Hardly knowing what I did, I sprang up on a great iron bombard whose wagon was sunk to the axles in our street. “Hold fast!” I cried. “Be not afraid! Have faith and hold fast!”

My feeble pipings went unheard. Then Red John Hameward, the captain of the longbowmen, leaped up beside me. A merry giant, with hair like spun copper and fierce blue eyes, he had been my friend since he arrived here.

“I know not what yon thing is,” he bellowed. His voice rolled over the general babble, which died away.

“Mayhap some French trick. Or it may be friendly, which would make our fear look all the sillier. Follow me, every soldier, to meet it when it lands!”

“Magic!” cried an old man. “’Tis sorcery, and we are undone!”

“Not so,” I told him. “Sorcery cannot harm good Christians.”

“But I am a miserable sinner,” he wailed.

“St. George and King Edward!” Red John sprang off the tube and dashed down the street. I tucked up my robe and panted after him, trying to remember the formulas of exorcism.

Looking back over my shoulder, I was surprised to see most of the company follow us. They had not so much taken heart from the bowman’s example, as they were afraid to be left leaderless. But they followed — into their own camp to snatch weapons, then out onto the common. I saw that cavalrymen had flung themselves to horse and were thundering downhill from the castle.

Sir Roger de Toumeville, unarmored but wearing sword at hip, led the riders. He shouted and flailed about with his lance. Between them, he and Red John got the rabble whipped into some kind of fighting order. They had scarcely finished when the great ship landed.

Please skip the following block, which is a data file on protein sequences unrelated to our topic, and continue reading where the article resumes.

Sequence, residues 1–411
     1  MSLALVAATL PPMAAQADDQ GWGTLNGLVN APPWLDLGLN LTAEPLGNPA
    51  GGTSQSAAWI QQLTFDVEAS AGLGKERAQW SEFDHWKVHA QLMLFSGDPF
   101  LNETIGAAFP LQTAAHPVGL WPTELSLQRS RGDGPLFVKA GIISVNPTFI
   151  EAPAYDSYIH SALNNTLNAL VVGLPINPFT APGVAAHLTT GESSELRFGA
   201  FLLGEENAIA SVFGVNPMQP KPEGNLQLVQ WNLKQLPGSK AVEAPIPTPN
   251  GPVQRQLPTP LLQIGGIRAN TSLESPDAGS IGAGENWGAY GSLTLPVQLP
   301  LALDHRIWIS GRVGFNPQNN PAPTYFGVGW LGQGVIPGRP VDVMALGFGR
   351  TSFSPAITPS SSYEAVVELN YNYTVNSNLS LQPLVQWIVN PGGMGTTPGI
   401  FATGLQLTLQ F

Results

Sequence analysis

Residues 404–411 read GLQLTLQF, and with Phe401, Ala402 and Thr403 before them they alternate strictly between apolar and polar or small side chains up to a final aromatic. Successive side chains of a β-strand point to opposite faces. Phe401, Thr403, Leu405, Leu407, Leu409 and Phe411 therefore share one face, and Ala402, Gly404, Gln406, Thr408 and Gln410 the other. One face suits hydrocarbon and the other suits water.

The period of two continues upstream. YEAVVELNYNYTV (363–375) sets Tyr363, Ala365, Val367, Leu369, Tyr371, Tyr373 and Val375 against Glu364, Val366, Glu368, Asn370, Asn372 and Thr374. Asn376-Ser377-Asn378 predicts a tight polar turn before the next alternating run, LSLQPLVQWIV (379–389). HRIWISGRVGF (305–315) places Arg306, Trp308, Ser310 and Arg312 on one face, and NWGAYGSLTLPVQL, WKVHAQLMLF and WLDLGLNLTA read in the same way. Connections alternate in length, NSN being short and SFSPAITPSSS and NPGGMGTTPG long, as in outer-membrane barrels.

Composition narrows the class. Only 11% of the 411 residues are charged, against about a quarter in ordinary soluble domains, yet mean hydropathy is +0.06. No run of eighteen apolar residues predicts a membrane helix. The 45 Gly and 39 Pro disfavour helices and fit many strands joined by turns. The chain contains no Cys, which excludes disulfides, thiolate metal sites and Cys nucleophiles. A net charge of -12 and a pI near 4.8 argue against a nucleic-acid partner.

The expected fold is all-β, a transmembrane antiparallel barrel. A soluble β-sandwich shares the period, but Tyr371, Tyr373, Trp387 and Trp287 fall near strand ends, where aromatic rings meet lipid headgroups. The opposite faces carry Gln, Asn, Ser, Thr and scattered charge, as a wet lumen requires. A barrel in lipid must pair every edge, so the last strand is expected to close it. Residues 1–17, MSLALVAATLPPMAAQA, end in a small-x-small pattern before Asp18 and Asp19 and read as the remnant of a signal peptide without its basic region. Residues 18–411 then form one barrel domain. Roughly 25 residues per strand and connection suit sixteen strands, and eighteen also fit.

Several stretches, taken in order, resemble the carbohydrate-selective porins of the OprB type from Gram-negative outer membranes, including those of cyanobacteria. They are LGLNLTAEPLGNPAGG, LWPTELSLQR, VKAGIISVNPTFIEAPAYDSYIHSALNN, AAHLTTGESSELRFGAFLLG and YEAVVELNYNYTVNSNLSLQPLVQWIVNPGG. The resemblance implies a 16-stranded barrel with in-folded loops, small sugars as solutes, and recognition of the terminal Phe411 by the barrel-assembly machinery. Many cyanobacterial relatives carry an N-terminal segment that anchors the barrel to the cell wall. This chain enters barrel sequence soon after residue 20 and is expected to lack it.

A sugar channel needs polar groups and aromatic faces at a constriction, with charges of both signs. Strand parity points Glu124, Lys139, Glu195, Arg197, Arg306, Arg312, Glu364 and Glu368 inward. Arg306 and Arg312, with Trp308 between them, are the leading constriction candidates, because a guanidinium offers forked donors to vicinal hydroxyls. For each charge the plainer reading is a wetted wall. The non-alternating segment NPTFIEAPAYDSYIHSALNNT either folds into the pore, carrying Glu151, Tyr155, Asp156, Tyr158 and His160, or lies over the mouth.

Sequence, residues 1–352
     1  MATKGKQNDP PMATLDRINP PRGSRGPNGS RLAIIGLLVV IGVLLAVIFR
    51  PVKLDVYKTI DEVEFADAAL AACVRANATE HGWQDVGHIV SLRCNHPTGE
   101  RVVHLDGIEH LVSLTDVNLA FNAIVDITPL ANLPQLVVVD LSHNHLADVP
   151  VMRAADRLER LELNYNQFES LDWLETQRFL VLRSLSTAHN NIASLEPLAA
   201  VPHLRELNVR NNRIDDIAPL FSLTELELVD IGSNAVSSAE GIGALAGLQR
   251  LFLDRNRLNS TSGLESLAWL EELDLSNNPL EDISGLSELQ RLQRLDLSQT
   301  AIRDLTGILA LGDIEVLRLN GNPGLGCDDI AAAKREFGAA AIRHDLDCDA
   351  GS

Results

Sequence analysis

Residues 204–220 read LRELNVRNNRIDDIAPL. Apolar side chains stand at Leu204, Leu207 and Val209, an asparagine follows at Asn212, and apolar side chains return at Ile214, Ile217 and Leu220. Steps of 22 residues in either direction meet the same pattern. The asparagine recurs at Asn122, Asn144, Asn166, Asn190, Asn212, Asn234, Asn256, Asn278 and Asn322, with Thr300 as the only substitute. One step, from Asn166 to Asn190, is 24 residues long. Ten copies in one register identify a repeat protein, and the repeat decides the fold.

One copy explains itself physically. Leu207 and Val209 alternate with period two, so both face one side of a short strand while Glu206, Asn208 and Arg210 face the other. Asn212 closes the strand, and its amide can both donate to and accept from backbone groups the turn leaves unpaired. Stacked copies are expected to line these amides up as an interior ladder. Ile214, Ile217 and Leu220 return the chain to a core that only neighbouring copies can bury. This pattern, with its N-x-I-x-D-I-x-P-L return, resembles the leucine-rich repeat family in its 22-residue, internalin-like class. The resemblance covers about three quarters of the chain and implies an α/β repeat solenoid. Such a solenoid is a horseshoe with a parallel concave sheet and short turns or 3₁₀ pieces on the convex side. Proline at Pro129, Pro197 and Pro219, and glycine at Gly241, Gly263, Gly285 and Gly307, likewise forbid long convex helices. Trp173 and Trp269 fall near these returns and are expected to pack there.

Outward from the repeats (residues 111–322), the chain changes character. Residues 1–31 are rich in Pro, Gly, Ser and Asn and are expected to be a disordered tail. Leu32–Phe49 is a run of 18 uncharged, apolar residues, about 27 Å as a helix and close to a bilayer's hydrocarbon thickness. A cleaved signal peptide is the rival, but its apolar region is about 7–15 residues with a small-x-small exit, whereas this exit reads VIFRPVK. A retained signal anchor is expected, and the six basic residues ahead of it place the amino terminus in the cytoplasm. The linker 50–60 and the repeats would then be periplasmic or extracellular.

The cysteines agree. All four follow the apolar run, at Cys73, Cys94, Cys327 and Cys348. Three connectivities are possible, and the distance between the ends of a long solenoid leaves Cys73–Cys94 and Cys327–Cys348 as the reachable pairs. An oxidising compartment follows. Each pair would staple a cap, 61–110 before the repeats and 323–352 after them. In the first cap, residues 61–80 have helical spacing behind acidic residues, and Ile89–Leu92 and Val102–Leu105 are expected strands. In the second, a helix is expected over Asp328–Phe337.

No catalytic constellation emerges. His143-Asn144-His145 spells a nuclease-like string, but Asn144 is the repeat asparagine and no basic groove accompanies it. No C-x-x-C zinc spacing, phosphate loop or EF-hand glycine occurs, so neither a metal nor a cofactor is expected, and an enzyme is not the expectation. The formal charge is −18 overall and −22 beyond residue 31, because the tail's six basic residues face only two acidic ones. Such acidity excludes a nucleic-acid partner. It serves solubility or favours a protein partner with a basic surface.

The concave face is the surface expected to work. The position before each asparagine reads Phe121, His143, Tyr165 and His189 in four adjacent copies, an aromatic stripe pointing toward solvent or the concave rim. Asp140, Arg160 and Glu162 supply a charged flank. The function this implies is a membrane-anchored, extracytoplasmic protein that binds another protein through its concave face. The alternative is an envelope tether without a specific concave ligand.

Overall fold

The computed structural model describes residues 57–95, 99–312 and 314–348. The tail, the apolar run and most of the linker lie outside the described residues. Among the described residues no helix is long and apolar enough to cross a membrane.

It sank deep into pasture earth; its weight was tremendous, and I knew not what had borne it so lightly through the air. I saw that it was all enclosed, a smooth shell without poop deck or forecastle. I did not really expect oars, but part of me wondered (through the hammering of my heart) why there were no sails. However, I did spy turrets, from which poked muzzles like those of bombards.

There fell a shuddering silence. Sir Roger edged his horse up to me where I stood with teeth clapping in my head. “You’re a learned cleric, Brother Parvus,” he said quietly, though his nostrils were white and his hair dank with sweat. “What d’you make of this?”

“In truth I know not, sire,” I stammered. “Ancient stories tell of wizards like Merlin who could fly through the air.”

“Could it be … divine?” He crossed himself.

“’Tis not for me to say.” I looked timidly skyward. “Yet I see no choir of angels.”

A muted clank came from the vessel, drowned in one groan of fear as a circular door began to open. But all stood their ground, being Englishmen, if not simply too terrified to run.

I glimpsed that the door was double, with a chamber between. A metallic ramp slid forth like a tongue, three yards downward until it touched the earth. I raised my crucifix while Ayes pattered from my lips like hail.